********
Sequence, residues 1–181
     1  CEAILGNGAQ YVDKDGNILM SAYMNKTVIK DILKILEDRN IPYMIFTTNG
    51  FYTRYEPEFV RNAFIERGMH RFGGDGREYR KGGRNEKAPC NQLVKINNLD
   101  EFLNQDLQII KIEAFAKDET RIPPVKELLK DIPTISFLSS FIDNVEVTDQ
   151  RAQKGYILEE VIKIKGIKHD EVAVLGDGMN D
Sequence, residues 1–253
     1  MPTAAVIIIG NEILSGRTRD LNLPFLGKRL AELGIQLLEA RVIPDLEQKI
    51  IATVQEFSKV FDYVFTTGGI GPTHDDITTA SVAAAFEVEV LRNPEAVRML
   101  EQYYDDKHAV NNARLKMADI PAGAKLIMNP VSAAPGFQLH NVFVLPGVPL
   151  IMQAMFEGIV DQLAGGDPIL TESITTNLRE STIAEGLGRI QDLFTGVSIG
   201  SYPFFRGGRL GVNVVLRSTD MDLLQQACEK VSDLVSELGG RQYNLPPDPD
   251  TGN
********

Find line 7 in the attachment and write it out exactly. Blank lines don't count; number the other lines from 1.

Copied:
     1  MPTAAVIIIG NEILSGRTRD LNLPFLGKRL AELGIQLLEA RVIPDLEQKI